And with RPA, higher-level talent will have the freedom to identify and proactively address issues as opposed to the old model of throwing lots of junior-level staff at a problem after the fact. This will lead to improved results and better value for customers.
For enterprises that haven’t yet started on the automation journey, here are some best practices learned from those that have already taken the plunge:
Involve the delivery team
No one understands business processes better than the team performing them every day. Formalize a mechanism to listen to them, reward the best suggestions and invest in resources to help them in executing process automation.
Collaborate and share with other teams
Once automation is deployed in one area, generally the benefits are so apparent that other areas of the organization are eager to employ the same technology to gain similar efficiencies. Sharing processes, results, challenges and learnings from automation efforts can help other areas of the business avoid pitfalls. Celebrate success.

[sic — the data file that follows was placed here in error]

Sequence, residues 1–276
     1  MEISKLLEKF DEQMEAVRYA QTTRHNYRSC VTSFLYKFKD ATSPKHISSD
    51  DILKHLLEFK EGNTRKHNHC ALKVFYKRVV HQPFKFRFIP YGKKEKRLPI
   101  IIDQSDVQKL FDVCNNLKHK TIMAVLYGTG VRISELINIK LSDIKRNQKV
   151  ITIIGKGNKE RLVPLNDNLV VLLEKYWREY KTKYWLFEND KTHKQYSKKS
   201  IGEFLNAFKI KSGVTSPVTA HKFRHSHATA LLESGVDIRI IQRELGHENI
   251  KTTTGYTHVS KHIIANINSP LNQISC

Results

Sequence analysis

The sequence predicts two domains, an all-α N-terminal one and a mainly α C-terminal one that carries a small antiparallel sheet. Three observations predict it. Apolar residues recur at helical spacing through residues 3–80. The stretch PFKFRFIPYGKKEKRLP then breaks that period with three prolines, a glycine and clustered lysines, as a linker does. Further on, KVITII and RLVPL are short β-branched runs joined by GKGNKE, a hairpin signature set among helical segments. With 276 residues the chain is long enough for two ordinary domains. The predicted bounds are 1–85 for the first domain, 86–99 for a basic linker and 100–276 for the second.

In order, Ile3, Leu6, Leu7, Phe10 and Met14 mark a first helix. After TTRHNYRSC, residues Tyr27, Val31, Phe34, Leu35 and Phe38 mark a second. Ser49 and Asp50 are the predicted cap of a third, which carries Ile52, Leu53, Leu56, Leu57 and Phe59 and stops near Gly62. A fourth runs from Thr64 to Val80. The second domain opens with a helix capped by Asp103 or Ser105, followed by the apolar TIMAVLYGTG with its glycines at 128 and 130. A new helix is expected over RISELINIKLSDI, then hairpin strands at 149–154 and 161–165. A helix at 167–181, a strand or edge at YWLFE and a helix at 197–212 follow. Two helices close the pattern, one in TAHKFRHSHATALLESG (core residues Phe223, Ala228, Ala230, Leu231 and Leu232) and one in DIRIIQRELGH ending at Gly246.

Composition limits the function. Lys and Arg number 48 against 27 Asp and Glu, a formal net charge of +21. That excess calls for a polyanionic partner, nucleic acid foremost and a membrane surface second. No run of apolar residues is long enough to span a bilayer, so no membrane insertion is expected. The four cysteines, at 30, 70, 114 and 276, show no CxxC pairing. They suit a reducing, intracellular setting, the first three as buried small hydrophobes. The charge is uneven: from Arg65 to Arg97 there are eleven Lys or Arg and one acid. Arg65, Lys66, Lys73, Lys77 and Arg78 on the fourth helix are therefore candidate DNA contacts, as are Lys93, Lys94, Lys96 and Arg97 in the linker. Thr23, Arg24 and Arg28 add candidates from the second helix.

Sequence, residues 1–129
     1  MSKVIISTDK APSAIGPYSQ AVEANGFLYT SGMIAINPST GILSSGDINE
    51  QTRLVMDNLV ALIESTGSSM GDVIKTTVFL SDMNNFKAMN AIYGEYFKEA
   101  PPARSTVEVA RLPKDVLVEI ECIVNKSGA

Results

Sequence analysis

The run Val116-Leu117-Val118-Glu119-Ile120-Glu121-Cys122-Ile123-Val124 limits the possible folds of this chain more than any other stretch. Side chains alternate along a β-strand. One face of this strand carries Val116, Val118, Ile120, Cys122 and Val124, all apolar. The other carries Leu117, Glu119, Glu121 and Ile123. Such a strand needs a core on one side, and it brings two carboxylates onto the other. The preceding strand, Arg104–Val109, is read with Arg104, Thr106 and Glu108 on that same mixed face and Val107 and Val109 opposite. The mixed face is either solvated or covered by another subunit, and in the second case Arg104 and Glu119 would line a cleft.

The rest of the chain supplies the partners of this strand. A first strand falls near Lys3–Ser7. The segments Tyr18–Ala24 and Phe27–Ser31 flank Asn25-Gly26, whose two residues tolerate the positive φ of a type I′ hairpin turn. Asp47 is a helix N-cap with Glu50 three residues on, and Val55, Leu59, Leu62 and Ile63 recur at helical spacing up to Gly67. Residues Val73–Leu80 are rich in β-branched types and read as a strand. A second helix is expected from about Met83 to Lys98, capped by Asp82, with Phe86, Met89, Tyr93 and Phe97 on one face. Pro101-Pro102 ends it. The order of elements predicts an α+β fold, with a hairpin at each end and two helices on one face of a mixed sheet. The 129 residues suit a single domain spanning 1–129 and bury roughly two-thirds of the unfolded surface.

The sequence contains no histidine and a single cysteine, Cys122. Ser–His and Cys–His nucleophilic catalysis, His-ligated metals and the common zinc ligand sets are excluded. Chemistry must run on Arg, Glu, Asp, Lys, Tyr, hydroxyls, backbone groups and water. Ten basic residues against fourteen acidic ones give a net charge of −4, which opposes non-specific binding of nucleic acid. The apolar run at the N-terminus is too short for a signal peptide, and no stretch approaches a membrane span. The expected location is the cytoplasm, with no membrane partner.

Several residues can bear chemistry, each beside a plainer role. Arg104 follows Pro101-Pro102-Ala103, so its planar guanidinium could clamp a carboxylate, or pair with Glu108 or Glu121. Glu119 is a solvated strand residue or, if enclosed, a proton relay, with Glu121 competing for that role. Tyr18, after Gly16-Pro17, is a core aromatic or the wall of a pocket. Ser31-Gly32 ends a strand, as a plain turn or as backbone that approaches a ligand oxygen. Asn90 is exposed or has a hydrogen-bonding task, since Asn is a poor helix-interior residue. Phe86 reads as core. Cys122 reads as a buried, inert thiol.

Create a core automation team
Encourage the technology team to work with the business process design, quality and transformation teams to set targets for automation-related savings.
- Creatively design the automation tool. It is important to design automation solutions with multiple processes in mind. For instance, while designing an automation tool to collect data from a specific website, design it to be able to collect any kind of data from any website with basic re-configuration of the tool.
- Infuse self-learning capabilities. This enables machine-based actions to progressively enhance skills and become more productive. It usually takes several attempts to yield the desired results.
Utilize self-service design concepts